It will be appreciated that breaking of the gel by reducing the pH of the fluid and removing at least a portion of the borate ion (if present) from the crosslinked polymer and attacking the polysaccharide backbone directly do not happen instantaneously or when the metal ion and the polyol are added to the fluid, nor should it. Rather, these mechanisms act over time or eventually. This time delay is necessary to complete the fracturing portion of the operation and the optional setting of the proppant. The time delay will also vary depending on the particular requirements of each individual fracturing job and cannot be specified in advance.
A value of the invention is that a fracturing fluid can be designed to have enhanced breaking characteristics. Importantly, better clean-up of the crosslinked polymer from the fracture and wellbore can be achieved thereby. Better clean-up of the polymer directly influences the success of the fracture treatment, which is an enhancement of the well's hydrocarbon productivity.
Most conventional borate crosslinked fracturing fluids and breakers are designed from a fixed crosslinked fluid pH value at ambient and/or reservoir temperature. By having products that can lower the pH of the fracturing fluid at reservior temperature, such as the materials of the invention, the breaking of the fluid can be enhanced beyond existing conventional materials or methods for fracturing. The result is more enhanced breaking of the fracturing fluid over conventional materials and methods, which gives better clean-up of the crosslinked polymer from the fracture and wellbore.
One advantage of the catalyzed polyol breakers of this invention is that they have little, if any toxicity or environmental concerns, and thus, are safer to ship, handle and use as compared with some alternative breakers. The polyol breakers of this invention have another advantage of being relatively less expensive than conventional enzyme breakers. Oxidizer breakers are also relatively inexpensive, but they have a technical gap of not being useful from about 160 to about 230° F. (about 71 to about 110° C.).
In order to practice the method of the invention, an aqueous fracturing fluid is first prepared by blending a hydratable polymer into an aqueous fluid. The aqueous fluid could be, for example, water, brine, aqueous based foams or water-alcohol mixtures. Any suitable mixing apparatus may be used for this procedure. In the case of batch mixing, the hydratable polymer and the aqueous fluid are blended for a period of time sufficient to form a hydrated solution. The hydratable polymer that is useful in the present invention can be any of the hydratable polysaccharides having galactose or mannose monomer units and are familiar to those in the well service industry. These polysaccharides are capable of gelling in the presence of a crosslinking agent to form a gelled base fluid. For instance, suitable hydratable polysaccharides are the galactomannan gums, guars and derivatized guars. Specific examples are guar gum and guar gum derivatives. The preferred gelling agents are guar gum, hydroxypropyl guar and carboxymethyl hydroxypropyl guar. The most preferred hydratable polymers for the present invention are guar gum and carboxymethyl hydroxypropyl guar and hydroxypropyl guar.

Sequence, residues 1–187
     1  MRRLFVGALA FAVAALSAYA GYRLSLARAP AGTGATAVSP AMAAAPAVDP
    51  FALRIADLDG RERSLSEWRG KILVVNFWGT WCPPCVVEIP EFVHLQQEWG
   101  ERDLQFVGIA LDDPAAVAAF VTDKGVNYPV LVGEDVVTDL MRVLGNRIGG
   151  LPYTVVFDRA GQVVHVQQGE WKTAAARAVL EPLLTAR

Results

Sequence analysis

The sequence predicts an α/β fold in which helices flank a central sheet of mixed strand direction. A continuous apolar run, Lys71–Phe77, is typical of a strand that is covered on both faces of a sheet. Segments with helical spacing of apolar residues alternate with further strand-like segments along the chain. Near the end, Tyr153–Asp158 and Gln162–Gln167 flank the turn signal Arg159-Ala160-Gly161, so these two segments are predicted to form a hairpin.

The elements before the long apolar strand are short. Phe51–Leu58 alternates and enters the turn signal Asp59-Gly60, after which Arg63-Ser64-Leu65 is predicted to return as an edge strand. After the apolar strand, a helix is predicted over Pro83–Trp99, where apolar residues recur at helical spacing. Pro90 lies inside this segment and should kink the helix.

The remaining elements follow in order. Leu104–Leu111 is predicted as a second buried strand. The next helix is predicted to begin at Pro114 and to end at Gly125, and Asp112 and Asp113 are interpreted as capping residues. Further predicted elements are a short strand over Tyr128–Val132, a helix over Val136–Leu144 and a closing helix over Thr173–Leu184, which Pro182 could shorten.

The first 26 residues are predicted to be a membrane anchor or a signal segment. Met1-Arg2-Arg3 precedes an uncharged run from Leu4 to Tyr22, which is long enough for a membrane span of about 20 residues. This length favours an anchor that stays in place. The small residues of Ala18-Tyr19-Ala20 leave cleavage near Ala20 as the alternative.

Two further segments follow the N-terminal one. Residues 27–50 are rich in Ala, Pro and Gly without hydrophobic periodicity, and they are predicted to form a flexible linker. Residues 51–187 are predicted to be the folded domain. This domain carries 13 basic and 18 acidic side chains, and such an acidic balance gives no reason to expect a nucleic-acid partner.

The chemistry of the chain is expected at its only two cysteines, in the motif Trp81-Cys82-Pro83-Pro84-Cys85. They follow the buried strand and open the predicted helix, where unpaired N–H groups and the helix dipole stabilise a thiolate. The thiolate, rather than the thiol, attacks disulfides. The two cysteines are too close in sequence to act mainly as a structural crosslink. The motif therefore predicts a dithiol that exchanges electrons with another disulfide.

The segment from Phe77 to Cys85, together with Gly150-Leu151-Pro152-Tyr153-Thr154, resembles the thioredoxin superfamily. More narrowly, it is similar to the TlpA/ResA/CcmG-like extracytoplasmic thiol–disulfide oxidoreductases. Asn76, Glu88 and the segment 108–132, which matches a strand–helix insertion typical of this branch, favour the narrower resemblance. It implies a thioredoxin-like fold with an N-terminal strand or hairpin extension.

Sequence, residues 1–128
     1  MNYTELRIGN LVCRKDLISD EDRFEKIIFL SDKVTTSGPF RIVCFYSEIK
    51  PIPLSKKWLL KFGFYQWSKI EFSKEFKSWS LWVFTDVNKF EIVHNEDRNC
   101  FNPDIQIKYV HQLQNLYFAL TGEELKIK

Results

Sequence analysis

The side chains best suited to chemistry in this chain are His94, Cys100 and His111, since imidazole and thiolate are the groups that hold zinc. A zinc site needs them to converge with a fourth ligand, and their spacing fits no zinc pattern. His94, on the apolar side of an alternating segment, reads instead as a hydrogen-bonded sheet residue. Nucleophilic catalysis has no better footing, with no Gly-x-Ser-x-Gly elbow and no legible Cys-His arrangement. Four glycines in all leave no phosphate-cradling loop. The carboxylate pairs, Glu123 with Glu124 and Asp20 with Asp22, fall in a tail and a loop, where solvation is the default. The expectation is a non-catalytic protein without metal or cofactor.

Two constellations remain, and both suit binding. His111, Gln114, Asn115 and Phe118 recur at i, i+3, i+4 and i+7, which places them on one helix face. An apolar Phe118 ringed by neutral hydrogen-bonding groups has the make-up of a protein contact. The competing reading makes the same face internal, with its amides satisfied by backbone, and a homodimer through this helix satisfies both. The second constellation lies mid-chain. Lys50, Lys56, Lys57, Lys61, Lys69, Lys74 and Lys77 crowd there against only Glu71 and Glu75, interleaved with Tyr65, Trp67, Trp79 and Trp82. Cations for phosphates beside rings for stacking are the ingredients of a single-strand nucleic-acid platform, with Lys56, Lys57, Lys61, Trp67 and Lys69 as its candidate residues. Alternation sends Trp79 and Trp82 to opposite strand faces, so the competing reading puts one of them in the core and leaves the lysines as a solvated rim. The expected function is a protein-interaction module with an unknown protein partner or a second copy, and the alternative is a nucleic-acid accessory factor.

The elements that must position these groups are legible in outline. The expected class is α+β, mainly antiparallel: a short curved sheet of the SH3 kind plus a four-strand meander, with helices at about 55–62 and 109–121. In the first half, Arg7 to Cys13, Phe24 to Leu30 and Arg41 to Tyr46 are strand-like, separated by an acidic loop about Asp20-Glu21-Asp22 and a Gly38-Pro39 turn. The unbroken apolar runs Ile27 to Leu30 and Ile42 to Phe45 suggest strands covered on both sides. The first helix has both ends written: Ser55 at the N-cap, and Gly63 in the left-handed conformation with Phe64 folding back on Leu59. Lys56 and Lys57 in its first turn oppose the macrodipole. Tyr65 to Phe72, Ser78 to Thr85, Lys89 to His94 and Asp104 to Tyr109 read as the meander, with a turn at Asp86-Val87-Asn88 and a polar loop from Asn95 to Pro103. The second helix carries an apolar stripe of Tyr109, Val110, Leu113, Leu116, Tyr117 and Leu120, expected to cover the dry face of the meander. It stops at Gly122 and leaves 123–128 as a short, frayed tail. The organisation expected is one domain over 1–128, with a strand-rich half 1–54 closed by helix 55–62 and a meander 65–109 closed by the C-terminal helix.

The amount of polysaccharide included in the fracturing fluid is not particularly critical so long as the viscosity of the fluid is sufficiently high to keep the proppant particles suspended therein during the fluid injecting step. Thus, depending on the application, the hydratable polymer is added to the aqueous fluid in concentrations ranging from about 15 to 60 pounds per thousand gallons (pptg) by volume of the total aqueous fluid (1.8 to 7.2 kg/m3). The most preferred range for the present invention is about 20 to about 40 pptg (2.4 to 4.8 kg/m3).
In addition to the hydratable polymer, the fracturing fluids of the invention may optionally include a crosslinking agent, such as a borate crosslinking agent. The crosslinking agent can be any of the conventionally used borate crosslinking agents that are known to those skilled in the art. This includes any of the boron salts or boric acid as borate crosslinking agents. Guar and derivatized guar gels, which are crosslinked by the addition of borate ion donating materials, are preferred within this embodiment over other crosslinking agents because they clean up faster and yield higher sand pack permeability than guar gels crosslinked with other crosslinking agents. However, other crosslinking agents can be used with this embodiment besides borate, which may include, but are not limited to, titanates, zirconates, and other metallic and semi-metallic crosslinkers.